The critics had a shit tossing fest at the film, but what are the alternatives?  It’s damned hard to make a vampire film that works on every level, which does something new and yet doesn’t go off the rails.  Case in point, Twilight, an abysmal juvenile take on vampires, at least the first film.  I avoided the others.  Even Coppola royally fucked up the granddaddy of them all – Dracula: terrible casting, terrible creative license with the source material, one of the biggest mistakes in all of recorded vampire history.

What Queen of the Damned did was stick to the spirit of the original, the coldness, the animalism, the nihilistic desperation of it all.  This was quite a bit closer to Rice than Interview.  Not a great movie, but definitely better than most vampire films.

Oblivion (2013)

Posted: September 6, 2013 in Joe Giambrone
Tags: , , ,


Slow start but picks up at the end with an interesting twist.  The film has been sold based on setting and not much more, very visual and design-oriented.  It was difficult to discern what the thing was about.

Which is a spoiler, so I’m not going to say.  It’s inspired by 70s hard sci-fi, desolate planets and a small cast.  The film delivers what you’d probably expect.  Hollywood action sequences appear, some very video-gamey, a battle here or there.  The very end is sort of expected, a tad predictable.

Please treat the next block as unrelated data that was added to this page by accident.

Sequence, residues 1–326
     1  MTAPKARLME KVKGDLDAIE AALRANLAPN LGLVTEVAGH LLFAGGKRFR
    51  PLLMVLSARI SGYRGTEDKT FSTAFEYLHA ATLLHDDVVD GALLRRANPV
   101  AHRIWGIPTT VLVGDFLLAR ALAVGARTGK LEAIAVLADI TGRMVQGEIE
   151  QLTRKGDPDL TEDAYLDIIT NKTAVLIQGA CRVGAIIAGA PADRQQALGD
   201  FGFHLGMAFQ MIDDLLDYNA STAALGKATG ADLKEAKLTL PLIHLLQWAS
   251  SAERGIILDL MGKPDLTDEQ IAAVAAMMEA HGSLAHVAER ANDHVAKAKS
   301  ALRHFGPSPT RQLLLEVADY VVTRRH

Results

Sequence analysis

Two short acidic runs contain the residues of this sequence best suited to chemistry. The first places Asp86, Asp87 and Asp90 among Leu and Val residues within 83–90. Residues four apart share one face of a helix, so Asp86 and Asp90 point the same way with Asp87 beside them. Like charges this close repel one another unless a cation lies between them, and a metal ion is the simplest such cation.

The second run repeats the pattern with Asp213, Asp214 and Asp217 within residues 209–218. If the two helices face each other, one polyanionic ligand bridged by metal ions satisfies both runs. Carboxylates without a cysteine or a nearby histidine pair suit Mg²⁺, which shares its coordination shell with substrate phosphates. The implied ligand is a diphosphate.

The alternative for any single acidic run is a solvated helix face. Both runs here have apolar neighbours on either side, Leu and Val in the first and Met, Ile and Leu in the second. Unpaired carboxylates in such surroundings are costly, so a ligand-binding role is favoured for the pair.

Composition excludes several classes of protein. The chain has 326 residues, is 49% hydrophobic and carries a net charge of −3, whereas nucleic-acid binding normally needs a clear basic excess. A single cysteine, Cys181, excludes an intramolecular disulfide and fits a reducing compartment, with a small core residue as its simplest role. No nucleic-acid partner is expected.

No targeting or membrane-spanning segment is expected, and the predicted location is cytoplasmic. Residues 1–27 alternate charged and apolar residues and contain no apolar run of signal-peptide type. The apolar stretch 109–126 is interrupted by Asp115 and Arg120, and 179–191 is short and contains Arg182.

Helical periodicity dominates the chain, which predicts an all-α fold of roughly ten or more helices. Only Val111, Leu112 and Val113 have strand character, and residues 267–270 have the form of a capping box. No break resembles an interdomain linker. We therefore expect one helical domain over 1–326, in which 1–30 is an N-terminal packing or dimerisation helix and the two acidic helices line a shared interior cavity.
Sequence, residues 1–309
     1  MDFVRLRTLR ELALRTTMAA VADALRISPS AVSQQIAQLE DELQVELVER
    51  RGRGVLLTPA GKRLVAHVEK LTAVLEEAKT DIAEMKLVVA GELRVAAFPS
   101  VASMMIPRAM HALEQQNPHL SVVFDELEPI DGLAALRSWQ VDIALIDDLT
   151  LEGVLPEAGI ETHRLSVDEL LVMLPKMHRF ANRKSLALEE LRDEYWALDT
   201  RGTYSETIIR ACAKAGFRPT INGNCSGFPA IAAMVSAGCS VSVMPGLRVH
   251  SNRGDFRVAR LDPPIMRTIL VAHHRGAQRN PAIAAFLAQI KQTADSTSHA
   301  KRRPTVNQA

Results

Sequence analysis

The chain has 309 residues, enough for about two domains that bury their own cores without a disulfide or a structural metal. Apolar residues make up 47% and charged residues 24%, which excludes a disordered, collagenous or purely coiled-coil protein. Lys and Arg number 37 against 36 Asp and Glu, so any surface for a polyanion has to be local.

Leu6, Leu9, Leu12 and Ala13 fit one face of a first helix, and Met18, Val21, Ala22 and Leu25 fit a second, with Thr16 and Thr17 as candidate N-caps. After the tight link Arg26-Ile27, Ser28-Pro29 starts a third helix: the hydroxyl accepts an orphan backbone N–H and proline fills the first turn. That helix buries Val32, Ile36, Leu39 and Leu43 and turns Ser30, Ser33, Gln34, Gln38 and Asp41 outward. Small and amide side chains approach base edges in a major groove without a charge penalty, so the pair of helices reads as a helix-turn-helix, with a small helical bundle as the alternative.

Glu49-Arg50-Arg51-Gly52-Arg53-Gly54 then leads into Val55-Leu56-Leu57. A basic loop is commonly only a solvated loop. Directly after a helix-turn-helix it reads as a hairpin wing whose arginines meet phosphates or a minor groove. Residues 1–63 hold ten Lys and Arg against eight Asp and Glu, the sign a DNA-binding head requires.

I liked that easy parallels can be made to the drone wars we see today.  The main enemies on screen are the drones that Tom Cruise is assigned to fix.  They are a foreboding, planet-wide menace, ruthless machines of death.  Some may see a similar situation off the big screen.

Like Prometheus, the film shot in Iceland, a most cool country for so many reasons.  Oblivion ends up somewhere between Prometheus (sucky) and Elysium (revolutionary).  Not brilliant, not all that emotional or authentic, but a passable couple of hours.  In an up/down vote I’d say up, 3 stars out of 5.



This gets moving about halfway through.



As is expected in this action / crime / military genre, right wing ideology is a stock in trade.

Jack Reacher is a lawman outside the law.  He’ll do the “right thing” no matter what the law is.  Stuffed with interesting fight scenarios, car chases, shootouts, in the end the story is one lengthy sales pitch for the death penalty.  As in all death penalty propaganda, the innocent men wrongly executed get no mention.  The moral qualms of US governors who placed moratoriums on the practice get no mention.  Problems in the “justice” system, however, do appear – but is this simply the bad apple lament?  Ooops, I guess there’s a spoiler in there somewhere, sort of, maybe.